How the UK budget will impact hospitality investment

Jeremy Hunt, the UK's chancellor, has unveiled his first budget, which included a range of measures that will directly impact the hotel sector.

The chancellor said that from April, business with profits of over £250,000 will see their corporation tax rise from 19% to 25%. He also introduced a “full expensing” expensing policy that will allow companies to claim off taxable profits, the full cost of plant and machinery investments.

Stuart Houston, finance director at RBH Hospitality Management says that while the amendments to capital allowances is a positive, the increase in corporation tax is a disappointment.

“The fact that you can write off 100% investment in the year one is obviously attractive but it’s restricted to IT equipment, plant and machinery. It’s a 6% increase in your tax burden and while there are specific categories of investment that allow you to offset that, your tax burden will go up. Also, the relief won’t relief won’t apply to a lot of owners.

He adds: “I think the higher taxation could make the UK as a whole, less attractive to investment capital compared to other economies. We’ll still be midrange on corporate taxation, we won’t be the highest by any means but we certainly won’t be near the bottom compared to investment opportunities in other countries.”

Lionel Benjamin, co-founder of AGO Hotels expressed disappointment that there wasn't a reversal of the corporation tax rise, noting that the rise could spell doom for some.

"With double-digit inflation and rising bills, this means further costs for businesses which we are trying not to pass onto the consumer. Now it is becoming more difficult not to do so and in the coming months, we may see more businesses close their doors."

However, Ronak Shah, capital allowances director at Cooper Parry, has a more positive outlook. “The tax relief will hopefully encourage investment into existing hotel stock. It provides a carrot whereas if you spend more capex on hotels, you can get more tax relief back. It will act as an incentive for investors and operators to spend more upgrading and refreshing their hotels.”

"This budget will encourage vendors who are sitting tight on their assets to invest in the existing stock because there's more tax relief available. By investing in their stock, they'll pay less corporation tax in the first year or two and they'll potentially be able to repurpose their stock to a position where in 12 to 18 months, they can sell their assets for a higher price than what they're currently selling for.”

Hunt also confirmed the creation of 12 investment zones across England in West Midlands, Greater Manchester, the North-East, South Yorkshire, West Yorkshire, East Midlands, Teesside and in Liverpool as well as in Scotland, Wales and Northern Ireland. He noted that each investment zone will have access to £80 million of support for a range of interventions including skills, infrastructure, tax reliefs and business rates retention.

Shah notes this could have an indirect positive effect on the hospitality industry.

“The investment zones will hopefully boost the economy, encourage employment and encourage people to live in these areas, which will then potentially have a knock-on effect on amenities such as hotels, aparthotels and other sub asset classes in the hospitality sector.”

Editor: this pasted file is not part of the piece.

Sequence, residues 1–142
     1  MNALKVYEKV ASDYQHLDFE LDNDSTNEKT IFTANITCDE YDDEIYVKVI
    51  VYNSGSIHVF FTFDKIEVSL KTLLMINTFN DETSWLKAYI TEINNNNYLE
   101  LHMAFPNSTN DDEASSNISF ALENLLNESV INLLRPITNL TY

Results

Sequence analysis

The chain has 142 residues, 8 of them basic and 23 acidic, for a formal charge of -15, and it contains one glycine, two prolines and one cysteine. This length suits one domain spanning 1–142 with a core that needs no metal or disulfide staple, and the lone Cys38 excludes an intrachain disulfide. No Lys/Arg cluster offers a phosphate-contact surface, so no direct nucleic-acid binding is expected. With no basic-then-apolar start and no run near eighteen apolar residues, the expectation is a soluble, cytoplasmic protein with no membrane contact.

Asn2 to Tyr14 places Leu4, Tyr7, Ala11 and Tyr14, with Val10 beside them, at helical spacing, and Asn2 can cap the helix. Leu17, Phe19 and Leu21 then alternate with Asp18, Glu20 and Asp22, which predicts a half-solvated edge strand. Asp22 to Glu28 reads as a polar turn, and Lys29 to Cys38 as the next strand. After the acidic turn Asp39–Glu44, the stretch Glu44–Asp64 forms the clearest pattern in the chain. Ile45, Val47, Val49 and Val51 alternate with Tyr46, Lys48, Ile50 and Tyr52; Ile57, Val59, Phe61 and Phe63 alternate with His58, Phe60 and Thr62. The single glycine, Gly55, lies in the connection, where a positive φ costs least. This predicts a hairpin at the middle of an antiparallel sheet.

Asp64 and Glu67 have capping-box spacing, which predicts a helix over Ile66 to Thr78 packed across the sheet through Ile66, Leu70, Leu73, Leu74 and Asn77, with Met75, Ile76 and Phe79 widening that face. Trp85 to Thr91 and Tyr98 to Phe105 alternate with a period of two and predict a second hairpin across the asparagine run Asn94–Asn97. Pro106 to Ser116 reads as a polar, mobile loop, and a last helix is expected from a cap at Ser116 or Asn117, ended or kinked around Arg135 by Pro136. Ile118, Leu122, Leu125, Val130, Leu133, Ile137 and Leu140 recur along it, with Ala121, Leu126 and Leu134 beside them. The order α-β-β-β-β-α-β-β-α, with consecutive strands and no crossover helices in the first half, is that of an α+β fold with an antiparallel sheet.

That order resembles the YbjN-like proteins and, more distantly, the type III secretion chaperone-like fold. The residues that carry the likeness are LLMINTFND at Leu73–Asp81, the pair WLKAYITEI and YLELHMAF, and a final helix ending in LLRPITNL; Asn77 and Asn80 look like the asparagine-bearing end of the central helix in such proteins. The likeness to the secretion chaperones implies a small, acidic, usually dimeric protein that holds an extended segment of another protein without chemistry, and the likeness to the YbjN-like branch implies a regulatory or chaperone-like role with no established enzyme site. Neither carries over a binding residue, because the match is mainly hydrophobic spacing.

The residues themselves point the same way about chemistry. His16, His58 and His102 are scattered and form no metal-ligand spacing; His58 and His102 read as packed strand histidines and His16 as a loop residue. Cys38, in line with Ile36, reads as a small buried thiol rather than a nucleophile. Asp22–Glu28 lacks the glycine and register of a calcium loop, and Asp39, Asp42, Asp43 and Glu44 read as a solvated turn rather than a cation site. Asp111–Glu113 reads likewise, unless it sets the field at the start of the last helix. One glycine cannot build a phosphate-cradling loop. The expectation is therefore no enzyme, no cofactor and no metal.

Commenting on Hunt's announcements in relation to investment zones, regeneration projects in key town centres, business rate retention and giving local authorities more control on spending, Benjamin stated: "The devil will be in the detail and we believe specific incentives are needed around the regeneration of city centre buildings, particularly those which are closed and could be converted into hotels."

The chancellor also announced extended support for households on energy costs, confirming that the Energy Price Guarantee will remain at £2,500 for the next three months..

Houston says “Anything that can help with the cost of living crisis and disposable income of people in the UK will hopefully help the hospitality industry as in many cases, people will spend that discretionary income on hotel stays and in hospitality.”

Hunt also laid out plans to tackle the UK’s labour shortage, unveiling measures around supporting disabled people, those with long-term health conditions, over 50s and those on Universal Credit. This announcement is good news for the hospitality industry which continues to face staffing an skills shortage, with experts noting that getting more people into the workforce will help to alleviate staffing pressures.

Houston noted that latest figures from the Office of National Statistics shows that the hospitality industry still has 142,000 vacancies, adding that it’s the industry with the most vacancies.

“One of the biggest pressures over the last two years the years has been the shortage of labour supply. Any steps to increase the labour supply is a positive and Hunt’s announcement here was probably the most encouraging aspect of the budget.”

Looking forward, Benjamin called on the government to do more to ensure the survival of the hospitality sector.

"At AGO Hotels, we are calling for a reduction of output VAT to 10%, widening the scope of capital allowances offered to encourage development and ESG investments, and a comprehensive review and reduction of the widely outdated system of business rates."